Friday, August 28, 2015

National Preparedness Month

September is National Preparedness Month and The Prepared Bloggers are at it again!

September is National Preparedness Month #30DaysofPrep 2015 It's safe to say that our ultimate goal is to help you have an emergency kit, a family plan, and the knowledge to garden, preserve your harvest and use useful herbs every day – without spending a ton of money to do it. Luckily that’s obtainable for every family and a journey we would love to help you with. This year we have posts about food storage, 72-hour Kits & Bug Out Bags, and every aspect of preparedness, from water storage to cooking off grid. You’ll also find many ideas to help you be more self-reliant. Look for information on the big giveaway we've put together for later in the month. Be sure to visit our sites and learn as much as you can about being prepared. We'll be using the hashtag #30DaysOfPrep for these and many other ideas throughout the month of September, so join in the conversation and make 2015 the year you become prepared.

Food Storage

Self-Reliance

72-Hour Kits or Bug Out Bags

Preparedness

Wednesday, August 26, 2015

How To Begin Prepping: A True Story

I vowed from when I started sharing, that I would always be dedicated to helping the newbie prepper & just sharing what you and I were doing. You see I remember when I started that there were questions I didn't even know I had. Trying to read and glean information on what to store, how to store it...
I love to read and enjoy a good apocalyptic fiction story. You can usually pick up a prepper tip or two in the midst of the story. Recently I have been reading a couple prepper series where the story started with the main character winning the lottery for 211 million dollars or was a rich business man who began prepping...

The only problem with that is it isn't realistic. I gather you and I are not rich, but are just hard working people who are trying to prep on a budget.
With that in mind, today I am sharing a newbie prepper from our community today and how they are getting started. 

Meet Roben, a real person like you and me who is beginning her journey:
"L
et's start with the why! I grew up in a house that was owned out-right there were no payments we had to make, yet we didn't have a lot of money. Turns out my father is a penny pincher and a pack rat, my grandma was a canner and talked about what it was like to live in the great depression. I see how hard my hubby works and how much it hurts him when we cant pay a bill. I want less bills, less strain, less stress. I know at some point the American dollar is not going to be worth anything. I worry how we will afford to feed and cloth my family. How we will pay for medical. I see a major crash coming. now I know that right now I don't have much, but I have a small garden and I have a pressure canner and a dehydrator, I am learning. The world will not be the same after, but most of all...I want this because I worry about not having a place to live or food to eat or water to drink and when shtf where I am will not be safe.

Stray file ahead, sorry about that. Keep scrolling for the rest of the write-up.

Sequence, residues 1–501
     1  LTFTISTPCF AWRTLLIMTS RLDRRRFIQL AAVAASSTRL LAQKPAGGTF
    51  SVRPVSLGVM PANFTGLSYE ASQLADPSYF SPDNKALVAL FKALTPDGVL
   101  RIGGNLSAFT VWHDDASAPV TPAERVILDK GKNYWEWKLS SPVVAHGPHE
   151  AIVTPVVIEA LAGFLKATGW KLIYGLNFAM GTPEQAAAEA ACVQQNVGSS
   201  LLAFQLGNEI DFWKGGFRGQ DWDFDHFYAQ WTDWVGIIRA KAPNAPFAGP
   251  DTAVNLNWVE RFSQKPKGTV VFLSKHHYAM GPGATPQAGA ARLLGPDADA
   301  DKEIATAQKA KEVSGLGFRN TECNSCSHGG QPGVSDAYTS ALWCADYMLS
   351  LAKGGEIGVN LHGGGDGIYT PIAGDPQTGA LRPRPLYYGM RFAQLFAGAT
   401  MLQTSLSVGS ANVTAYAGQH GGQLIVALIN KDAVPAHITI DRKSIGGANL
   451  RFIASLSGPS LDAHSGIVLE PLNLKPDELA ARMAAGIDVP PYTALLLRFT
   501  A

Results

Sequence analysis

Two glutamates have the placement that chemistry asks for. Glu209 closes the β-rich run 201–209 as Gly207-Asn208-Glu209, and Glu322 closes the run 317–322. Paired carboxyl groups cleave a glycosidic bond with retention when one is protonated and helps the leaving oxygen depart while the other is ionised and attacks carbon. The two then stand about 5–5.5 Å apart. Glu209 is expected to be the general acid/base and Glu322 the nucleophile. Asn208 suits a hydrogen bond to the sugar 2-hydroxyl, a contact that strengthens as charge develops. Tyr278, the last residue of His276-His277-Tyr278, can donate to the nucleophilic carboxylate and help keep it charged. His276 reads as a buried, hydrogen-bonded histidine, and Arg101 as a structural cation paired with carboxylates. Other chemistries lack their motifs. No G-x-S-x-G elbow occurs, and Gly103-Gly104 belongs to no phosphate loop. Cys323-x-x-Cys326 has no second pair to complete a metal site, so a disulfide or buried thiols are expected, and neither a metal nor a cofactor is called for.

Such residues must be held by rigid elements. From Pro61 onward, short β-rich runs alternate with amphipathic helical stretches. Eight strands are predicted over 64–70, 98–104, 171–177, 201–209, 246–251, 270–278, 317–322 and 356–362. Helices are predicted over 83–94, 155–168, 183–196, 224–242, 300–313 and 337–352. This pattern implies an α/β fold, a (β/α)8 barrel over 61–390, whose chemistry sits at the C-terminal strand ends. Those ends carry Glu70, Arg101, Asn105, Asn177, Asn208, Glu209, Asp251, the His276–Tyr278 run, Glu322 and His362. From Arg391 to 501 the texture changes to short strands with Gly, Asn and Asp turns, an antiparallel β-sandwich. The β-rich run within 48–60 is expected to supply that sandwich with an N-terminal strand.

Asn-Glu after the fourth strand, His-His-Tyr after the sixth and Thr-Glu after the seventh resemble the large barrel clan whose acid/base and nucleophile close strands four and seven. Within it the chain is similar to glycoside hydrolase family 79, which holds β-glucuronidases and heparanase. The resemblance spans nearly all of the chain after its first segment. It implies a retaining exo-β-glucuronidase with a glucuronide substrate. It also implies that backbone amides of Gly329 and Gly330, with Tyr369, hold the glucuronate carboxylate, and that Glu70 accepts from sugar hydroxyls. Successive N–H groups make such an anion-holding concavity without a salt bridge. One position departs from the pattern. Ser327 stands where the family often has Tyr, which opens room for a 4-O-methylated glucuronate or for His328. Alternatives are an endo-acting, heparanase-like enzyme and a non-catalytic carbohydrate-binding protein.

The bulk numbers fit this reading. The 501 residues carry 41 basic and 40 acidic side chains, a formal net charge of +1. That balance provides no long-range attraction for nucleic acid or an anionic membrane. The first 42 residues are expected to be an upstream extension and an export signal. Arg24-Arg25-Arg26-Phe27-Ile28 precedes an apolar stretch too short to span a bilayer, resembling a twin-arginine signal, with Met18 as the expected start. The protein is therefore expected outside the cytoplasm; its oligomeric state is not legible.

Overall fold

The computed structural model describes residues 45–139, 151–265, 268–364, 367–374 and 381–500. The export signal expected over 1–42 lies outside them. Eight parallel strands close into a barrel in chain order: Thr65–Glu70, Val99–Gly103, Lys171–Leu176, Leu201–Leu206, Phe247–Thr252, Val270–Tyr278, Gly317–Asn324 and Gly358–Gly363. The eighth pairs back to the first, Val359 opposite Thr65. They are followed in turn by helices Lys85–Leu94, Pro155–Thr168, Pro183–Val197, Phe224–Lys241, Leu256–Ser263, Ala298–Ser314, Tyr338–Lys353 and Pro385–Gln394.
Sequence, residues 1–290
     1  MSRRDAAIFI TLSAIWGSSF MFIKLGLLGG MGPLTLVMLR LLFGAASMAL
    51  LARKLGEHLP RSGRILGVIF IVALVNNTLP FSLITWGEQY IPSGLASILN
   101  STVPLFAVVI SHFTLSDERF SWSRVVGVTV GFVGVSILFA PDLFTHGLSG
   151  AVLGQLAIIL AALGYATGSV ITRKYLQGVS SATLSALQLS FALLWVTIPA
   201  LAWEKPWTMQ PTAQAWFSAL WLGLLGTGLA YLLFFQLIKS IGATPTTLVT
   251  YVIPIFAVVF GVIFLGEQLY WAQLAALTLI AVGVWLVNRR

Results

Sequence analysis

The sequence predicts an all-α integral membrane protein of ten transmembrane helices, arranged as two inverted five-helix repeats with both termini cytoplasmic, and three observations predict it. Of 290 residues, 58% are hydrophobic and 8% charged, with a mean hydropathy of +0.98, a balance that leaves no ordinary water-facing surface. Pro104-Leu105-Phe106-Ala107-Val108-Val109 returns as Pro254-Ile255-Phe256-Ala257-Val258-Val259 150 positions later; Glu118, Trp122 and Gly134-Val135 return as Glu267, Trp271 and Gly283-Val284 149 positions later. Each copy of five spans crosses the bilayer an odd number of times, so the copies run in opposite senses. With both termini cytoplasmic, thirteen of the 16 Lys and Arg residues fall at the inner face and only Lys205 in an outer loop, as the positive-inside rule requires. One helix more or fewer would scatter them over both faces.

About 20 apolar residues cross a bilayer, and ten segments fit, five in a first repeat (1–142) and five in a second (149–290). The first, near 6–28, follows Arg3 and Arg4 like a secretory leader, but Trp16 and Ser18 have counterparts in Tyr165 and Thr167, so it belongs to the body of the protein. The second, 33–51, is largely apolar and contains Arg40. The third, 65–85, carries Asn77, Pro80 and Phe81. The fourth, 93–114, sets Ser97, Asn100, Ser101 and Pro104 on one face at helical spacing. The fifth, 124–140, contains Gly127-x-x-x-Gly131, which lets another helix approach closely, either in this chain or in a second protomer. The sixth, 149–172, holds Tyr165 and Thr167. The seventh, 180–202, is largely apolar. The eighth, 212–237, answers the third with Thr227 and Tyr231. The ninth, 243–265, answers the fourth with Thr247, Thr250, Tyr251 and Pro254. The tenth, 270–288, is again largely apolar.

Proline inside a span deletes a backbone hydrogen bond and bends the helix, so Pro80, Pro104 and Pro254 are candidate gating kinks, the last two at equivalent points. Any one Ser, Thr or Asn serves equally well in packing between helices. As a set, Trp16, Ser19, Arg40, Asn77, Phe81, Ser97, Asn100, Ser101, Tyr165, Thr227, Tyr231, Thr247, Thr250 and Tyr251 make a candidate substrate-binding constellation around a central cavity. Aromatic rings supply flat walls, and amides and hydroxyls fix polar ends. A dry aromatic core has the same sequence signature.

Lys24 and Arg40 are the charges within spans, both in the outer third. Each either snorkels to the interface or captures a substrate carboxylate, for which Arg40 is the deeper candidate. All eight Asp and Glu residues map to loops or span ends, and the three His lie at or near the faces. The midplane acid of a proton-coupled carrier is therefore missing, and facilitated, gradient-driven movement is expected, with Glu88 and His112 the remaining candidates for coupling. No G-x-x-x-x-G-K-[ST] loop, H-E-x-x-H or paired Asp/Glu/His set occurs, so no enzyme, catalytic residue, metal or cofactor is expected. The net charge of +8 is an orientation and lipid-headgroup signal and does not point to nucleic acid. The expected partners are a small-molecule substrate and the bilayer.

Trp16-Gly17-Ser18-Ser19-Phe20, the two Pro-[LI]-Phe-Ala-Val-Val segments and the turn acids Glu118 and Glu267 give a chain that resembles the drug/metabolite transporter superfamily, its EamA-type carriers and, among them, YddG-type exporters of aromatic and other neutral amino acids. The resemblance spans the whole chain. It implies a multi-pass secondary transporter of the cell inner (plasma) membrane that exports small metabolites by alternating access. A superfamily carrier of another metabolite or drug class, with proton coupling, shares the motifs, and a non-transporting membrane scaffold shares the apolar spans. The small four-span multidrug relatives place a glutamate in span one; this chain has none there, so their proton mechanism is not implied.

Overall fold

Hey I posted something on my wall I would like you to look at and comment about but I couldn't figure out how to tag you in it. Thanks for looking know your very busy. But thought it was worth a look am I doing it good enough or is there a better way? Thank you so much for taking time out of your busy day for me it makes me feel special. Thank you!"
Well I took a look and I am sharing her progress. Here are pictures of what Roben is currently doing for her storage. I like the ingenuity, particularly in keeping within her very tight budget.

 

Roben remembered her grandmother wrapping her canned items in newspaper and storing them in a dark place. She is getting storage buckets free from work, wrapping up her jars and then storing them. Great!

 

I think Roben, you might benefit from reading this article on how I started and things I learned including making a list of what you use everyday, store water, store what you use and use what you store: 6 Simple Tips for the Beginning Prepper 

Top Three Picks:

                                    



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Sunday, August 23, 2015

EMP: Myths or Facts

I am far from an expert on electromagnetic pulses or HEMP (high altitude nuclear electromagnetic pulses). 
From the concept of an EMP to just a complete break down of society that would leave sources of power unavailable from the very beginning I have prepared for an event that involves total lack of electricity. We even practice days without power as a lifestyle, which I recommend you try. It is amazing to learn how dependent you are as you automatically turn on lights or the stove. The phone is powered down and the laptop is hidden. 
Our preps have involved alternate sources of fuels and basically living without electronics completely which saved our "ash" a year and a half ago when our heat pump went out over a New Years Eve holiday. (Pardon our ashes...) The only exception is planning one of our next steps of getting a much older car, in the vent we need to travel and pick up various family members to bring them safely to the farm.
Probably the number one fiction book on an EMP event would have to be "One Second After", by New York Times best selling author William R. Forstchen.  While I had this book in an electronic version, I recently purchased the paper back book. Mostly in preparation for the release of his sequel "One Year After" (which I already have purchased, just waiting for it to be released).
I read this book early on in my prepping and this latest reading has surprised me in how much it has influenced how I currently prep. Just reading the forward reemphasized the reality of this possible event occurring. Bill has an excellent grasp of what is a real possible scenario. The government has plans, do you? I
 prefer the fiction that just allows the event to happen and the aftermath that occurs.
The irony wasn't lost on me yesterday I was reading "One Second After", while waiting for a service tech to set up our internet connection and satellite t.v. at the farm. I had boldly proclaimed to Mr. Perky, I wouldn't completely move out to the farm without an internet connection.
There are over 500 fiction books listed on Amazon involving EMP events. I would be remiss if I didn't include the highly recommend classic "Alas, Babylon" by Pat Frank. One of the first books that examined the effects of a nuclear blast.